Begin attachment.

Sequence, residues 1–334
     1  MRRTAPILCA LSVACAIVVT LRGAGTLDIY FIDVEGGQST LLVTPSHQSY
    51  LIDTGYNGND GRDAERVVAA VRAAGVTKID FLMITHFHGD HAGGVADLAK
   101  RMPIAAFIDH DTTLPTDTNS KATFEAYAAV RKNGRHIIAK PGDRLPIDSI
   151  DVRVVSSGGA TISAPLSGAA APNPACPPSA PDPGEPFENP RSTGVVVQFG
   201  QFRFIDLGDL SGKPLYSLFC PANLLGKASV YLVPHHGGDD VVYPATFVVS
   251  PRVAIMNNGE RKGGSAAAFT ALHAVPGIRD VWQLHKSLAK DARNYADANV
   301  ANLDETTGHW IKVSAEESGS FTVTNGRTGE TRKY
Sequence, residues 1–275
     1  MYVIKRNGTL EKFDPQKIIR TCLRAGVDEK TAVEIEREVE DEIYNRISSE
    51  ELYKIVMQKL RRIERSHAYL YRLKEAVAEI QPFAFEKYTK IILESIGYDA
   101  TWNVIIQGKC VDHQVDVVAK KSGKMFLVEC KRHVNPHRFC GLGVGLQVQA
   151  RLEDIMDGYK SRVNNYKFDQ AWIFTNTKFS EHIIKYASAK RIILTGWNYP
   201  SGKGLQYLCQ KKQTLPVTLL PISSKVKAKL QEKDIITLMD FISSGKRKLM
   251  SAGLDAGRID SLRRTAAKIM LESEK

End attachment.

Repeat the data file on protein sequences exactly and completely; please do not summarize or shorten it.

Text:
Sequence, residues 1–334
     1  MRRTAPILCA LSVACAIVVT LRGAGTLDIY FIDVEGGQST LLVTPSHQSY
    51  LIDTGYNGND GRDAERVVAA VRAAGVTKID FLMITHFHGD HAGGVADLAK
   101  RMPIAAFIDH DTTLPTDTNS KATFEAYAAV RKNGRHIIAK PGDRLPIDSI
   151  DVRVVSSGGA TISAPLSGAA APNPACPPSA PDPGEPFENP RSTGVVVQFG
   201  QFRFIDLGDL SGKPLYSLFC PANLLGKASV YLVPHHGGDD VVYPATFVVS
   251  PRVAIMNNGE RKGGSAAAFT ALHAVPGIRD VWQLHKSLAK DARNYADANV
   301  ANLDETTGHW IKVSAEESGS FTVTNGRTGE TRKY
Sequence, residues 1–275
     1  MYVIKRNGTL EKFDPQKIIR TCLRAGVDEK TAVEIEREVE DEIYNRISSE
    51  ELYKIVMQKL RRIERSHAYL YRLKEAVAEI QPFAFEKYTK IILESIGYDA
   101  TWNVIIQGKC VDHQVDVVAK KSGKMFLVEC KRHVNPHRFC GLGVGLQVQA
   151  RLEDIMDGYK SRVNNYKFDQ AWIFTNTKFS EHIIKYASAK RIILTGWNYP
   201  SGKGLQYLCQ KKQTLPVTLL PISSKVKAKL QEKDIITLMD FISSGKRKLM
   251  SAGLDAGRID SLRRTAAKIM LESEK